Home > Mythical Creatures > Dwarves vs Dark Elves: What is the Difference?

Dwarves vs Dark Elves: What is the Difference?

By Andy Watkins


Updated on

Two of the most interesting fantastical creatures from mythology are dwarves and dark elves. However, because both originate from Norse myth, there’s significant confusion over whether they’re the same creatures with two different names or two distinct types of beings. 

Dark elves, also known as dökkálfar, have a dark complexion and live within the earth, in caves and dark woods. Dwarves, also known as dvergar, are short, ugly creatures that are skilled smiths and healers. 

In this article, I’ll look at how dark elves and dwarves differ, examining their origin, appearance, powers, and personality.

The Differences Between Dwarves and Dark Elves

Numerous sources agree that dwarves and dark elves are distinct beings. Let’s take a further look at how these creatures differ from each other:


In Norse cosmology, the dvergar, or dwarves, are the maggots that feasted on the dead flesh of the giant Ymir. The gods granted these maggots both a human-like appearance and intelligence, creating dwarves. 

On the other hand, while dark elves, or dökkálfar, originate in Norse mythology, there’s no clear explanation of where they (or even the light elves) come from. The dark elves are first mentioned in the Prose Edda. 

Additionally, there is also the consideration of the svartálfar or the black elves. These elves are also first mentioned in the Prose Edda. They are thought to be either another name for the dökkálfar or the dwarves. 

However, it should be noted that while the svartálfar are said to live in Svartalfheim, the dwarves are said to live in Niðavellir, indicating that, at the very least, the svartálfar are different from dwarves.


Dwarves are described as being short, ugly creatures. They are dark in appearance (which is why they were often associated with the svartálfar). Furthermore, in some sources, they were described as resembling dead humans or being human corpses themselves. 

Elves in Norse mythology are of a similar height to humans. They’re generally described as being beautiful. Dark elves, however, are further described as having a dark complexion. One description of the dökkálfar mentions them as being “blacker than pitch.” 

Similarly, the svartálfar are mentioned as being dark in complexion – svartálfar literally translates to either “black elves” or “swarthy elves.”


Dwarves are skilled smiths and metalworkers. Many of the artifacts of the Aesir and Vanir are created as a result of the skill of the dwarves, and their works include:

  • Mjolnir, the hammer of Thor
  • Gugnir and Draupnir, the spear and golden ring of Odin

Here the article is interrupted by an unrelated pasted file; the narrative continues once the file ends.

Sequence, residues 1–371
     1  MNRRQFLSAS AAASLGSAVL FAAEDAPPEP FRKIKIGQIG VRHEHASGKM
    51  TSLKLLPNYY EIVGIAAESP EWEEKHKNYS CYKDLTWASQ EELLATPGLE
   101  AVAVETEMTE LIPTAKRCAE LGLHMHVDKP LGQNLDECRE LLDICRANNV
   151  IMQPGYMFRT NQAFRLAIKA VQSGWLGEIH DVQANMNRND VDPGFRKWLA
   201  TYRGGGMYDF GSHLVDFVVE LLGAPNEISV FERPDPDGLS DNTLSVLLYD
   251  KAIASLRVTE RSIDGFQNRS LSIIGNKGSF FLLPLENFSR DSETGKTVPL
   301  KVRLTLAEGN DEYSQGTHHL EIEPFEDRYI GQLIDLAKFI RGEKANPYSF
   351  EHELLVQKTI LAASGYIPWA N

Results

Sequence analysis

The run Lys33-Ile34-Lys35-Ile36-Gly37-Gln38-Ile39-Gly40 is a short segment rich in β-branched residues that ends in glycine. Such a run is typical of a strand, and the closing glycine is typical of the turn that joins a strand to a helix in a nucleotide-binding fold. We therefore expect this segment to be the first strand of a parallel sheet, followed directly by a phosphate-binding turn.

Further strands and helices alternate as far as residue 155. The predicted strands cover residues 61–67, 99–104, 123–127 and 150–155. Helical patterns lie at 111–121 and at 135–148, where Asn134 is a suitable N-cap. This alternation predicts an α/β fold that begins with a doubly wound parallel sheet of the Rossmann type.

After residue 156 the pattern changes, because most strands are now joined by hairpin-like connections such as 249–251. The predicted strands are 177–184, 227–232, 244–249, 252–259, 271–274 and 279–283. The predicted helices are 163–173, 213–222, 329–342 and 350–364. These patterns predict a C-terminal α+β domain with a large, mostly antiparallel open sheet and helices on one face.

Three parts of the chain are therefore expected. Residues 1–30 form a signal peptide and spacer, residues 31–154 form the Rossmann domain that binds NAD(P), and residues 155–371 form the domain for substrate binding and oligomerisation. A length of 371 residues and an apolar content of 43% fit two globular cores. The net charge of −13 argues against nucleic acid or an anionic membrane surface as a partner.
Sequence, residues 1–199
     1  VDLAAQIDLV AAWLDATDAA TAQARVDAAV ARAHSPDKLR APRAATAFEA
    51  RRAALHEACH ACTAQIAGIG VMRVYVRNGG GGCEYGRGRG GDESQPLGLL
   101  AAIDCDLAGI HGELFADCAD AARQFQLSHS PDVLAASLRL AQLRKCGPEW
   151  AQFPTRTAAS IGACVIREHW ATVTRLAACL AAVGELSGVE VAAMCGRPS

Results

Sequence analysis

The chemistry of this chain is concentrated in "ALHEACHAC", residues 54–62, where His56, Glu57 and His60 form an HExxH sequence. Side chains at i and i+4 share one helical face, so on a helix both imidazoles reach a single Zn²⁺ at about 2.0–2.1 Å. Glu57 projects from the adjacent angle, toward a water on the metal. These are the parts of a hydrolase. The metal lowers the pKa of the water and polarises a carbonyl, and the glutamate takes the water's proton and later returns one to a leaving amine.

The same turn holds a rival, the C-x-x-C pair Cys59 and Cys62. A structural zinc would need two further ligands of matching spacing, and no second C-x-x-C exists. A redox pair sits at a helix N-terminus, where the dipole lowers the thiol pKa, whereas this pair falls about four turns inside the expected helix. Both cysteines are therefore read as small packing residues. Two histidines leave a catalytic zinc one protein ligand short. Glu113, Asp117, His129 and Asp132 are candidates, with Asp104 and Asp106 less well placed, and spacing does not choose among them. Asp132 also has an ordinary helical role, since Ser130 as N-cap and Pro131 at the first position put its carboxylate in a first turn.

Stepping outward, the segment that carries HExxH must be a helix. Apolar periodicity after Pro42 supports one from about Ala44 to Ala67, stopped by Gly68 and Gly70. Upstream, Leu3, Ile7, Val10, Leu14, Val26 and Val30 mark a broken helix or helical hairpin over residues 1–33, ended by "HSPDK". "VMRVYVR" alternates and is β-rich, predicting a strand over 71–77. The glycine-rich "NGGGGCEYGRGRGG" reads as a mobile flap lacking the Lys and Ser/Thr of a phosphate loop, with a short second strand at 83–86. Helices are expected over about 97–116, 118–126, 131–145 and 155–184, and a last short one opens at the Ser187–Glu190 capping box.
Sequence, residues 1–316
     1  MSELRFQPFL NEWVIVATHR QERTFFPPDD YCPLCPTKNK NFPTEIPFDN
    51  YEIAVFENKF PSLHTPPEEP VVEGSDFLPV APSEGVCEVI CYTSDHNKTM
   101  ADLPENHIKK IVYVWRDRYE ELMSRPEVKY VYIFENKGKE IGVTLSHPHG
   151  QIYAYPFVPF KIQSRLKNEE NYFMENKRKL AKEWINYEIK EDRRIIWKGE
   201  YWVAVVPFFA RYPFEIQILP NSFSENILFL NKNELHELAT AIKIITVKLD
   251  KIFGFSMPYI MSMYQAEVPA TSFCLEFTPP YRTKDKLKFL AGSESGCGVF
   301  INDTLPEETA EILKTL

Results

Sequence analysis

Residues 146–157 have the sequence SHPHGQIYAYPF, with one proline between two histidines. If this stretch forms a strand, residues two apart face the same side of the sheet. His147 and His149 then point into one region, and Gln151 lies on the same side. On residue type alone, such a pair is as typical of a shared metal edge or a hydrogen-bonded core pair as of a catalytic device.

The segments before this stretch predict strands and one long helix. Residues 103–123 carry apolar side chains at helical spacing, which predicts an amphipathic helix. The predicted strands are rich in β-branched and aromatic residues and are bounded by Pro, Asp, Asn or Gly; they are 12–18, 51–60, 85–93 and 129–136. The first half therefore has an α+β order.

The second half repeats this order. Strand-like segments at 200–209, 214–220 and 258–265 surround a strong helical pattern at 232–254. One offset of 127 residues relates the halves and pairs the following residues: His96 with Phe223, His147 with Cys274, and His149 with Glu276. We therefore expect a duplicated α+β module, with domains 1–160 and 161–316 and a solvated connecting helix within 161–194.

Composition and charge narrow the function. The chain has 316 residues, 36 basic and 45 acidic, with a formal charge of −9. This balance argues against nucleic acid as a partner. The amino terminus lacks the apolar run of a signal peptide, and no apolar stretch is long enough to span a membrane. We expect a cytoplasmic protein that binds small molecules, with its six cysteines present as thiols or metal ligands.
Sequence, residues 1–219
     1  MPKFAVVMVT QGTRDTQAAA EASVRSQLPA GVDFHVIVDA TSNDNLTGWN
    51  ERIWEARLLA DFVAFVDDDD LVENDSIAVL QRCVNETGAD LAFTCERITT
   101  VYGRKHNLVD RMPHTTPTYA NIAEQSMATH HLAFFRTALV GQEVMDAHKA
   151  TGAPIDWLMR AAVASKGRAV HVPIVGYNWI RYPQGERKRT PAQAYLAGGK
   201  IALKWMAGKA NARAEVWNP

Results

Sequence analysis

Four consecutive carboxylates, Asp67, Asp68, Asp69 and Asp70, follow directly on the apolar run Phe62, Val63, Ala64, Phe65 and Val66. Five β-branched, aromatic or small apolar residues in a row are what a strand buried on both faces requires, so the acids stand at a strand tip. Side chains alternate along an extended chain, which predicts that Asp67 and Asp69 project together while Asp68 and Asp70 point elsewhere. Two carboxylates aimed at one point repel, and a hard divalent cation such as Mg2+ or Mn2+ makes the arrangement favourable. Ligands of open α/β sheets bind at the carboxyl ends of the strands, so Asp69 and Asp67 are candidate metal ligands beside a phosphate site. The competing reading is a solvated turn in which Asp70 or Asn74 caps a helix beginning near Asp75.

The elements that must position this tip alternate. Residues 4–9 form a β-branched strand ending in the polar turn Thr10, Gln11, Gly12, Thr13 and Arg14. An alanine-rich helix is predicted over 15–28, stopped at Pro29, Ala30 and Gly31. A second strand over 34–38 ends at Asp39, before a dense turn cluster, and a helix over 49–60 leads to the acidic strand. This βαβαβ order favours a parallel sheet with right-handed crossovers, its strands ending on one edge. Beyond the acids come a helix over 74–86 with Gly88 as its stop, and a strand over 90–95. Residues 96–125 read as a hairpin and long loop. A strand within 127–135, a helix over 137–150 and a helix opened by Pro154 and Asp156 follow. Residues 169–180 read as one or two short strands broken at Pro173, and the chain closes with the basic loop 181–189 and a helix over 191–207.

• The golden hair of Sif, wife of Thor
  • Brísingamen, the necklace of Freya
  • Gleipnir, the fetter used to bind the monstrous wolf Fenrir, which is as thin as a silk ribbon and stronger than an iron chain.

Dwarves are also extremely skilled at magic, and they use their magic to create ever more magnificent metalworks. Most of their creations involve magic – for example, Draupnir, the golden ring of Odin, can multiply itself. Eight new rings arise from the ring every ninth night, and each of these eight rings is the same size and weight as the original.

In some stories, dwarves can also shapeshift.

On the other hand, there is very little information about the powers of the dark elves in Norse mythology. However, in later fiction and folklore, they are generally described as being magically strong. 

Later stories say that dark elves are the source of most of humanity’s misfortunes. In particular, the dark elves have power over bad dreams. In order to create a bad dream, a dark elf will visit a person while they are asleep and either sit on their chest (causing sleep paralysis) or whisper the nightmare into the sleeper’s ears, resulting in bad dreams. 


Dwarves are greedy, selfish, and cunning. They are often very vicious and vengeful and will find a way to hold people to their oaths. For example, in one story, Loki wagers his head against the skill of the dwarven brothers Brokk and Eitri. 

When he loses, Loki argues that he only wagered his head, not his neck, which means that the dwarves cannot behead him. In return, the brothers fulfill the wager by sealing Loki’s lips with magical thread. 

As with their powers, there is little mythological information from Norse sources about the personality of dark elves. However, later fiction and folklore depict them as the opposite of “light elves” – that is, deceitful, aggressive and brutal, and cruel.

Some theories claim that the differentiation between the “light elves” and “dark elves” in the Prose Edda was the result of Christian influence and that they represented angels of light and darkness (that is, fallen angels), respectively. Thus, they also conformed to the duality of good and evil, with the light elves being good and the dark elves being evil.

Final Thoughts

Given the ambiguous nature of Norse primary sources, it’s understandable why people often think dwarves and dark elves are the same creatures. However, closer analysis shows that, while there is admittedly limited information about the nature of dark elves, they are, in fact, distinct creatures from dwarves.

About Andy Watkins

I have always been interested in mythology. From a very early age in Britain, I was known to sit at the breakfast table reading encyclopedias about many of the major world mythologies. Learn more about MythNerd's Editorial Process.